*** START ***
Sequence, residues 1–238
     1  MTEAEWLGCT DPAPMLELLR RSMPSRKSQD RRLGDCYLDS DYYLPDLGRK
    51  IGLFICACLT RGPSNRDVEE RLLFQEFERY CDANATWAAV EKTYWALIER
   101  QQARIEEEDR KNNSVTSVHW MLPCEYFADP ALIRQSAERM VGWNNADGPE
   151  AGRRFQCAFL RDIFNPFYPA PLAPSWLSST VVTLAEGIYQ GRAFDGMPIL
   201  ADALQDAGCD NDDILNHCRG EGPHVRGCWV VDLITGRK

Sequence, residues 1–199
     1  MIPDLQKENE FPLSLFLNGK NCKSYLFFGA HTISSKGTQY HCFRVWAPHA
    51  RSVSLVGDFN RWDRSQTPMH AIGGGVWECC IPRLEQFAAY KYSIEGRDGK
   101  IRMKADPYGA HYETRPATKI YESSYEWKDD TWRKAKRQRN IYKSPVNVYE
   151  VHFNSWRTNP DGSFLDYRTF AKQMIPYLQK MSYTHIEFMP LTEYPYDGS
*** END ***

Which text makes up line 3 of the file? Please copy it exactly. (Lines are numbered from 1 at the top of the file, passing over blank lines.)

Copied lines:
    51  IGLFICACLT RGPSNRDVEE RLLFQEFERY CDANATWAAV EKTYWALIER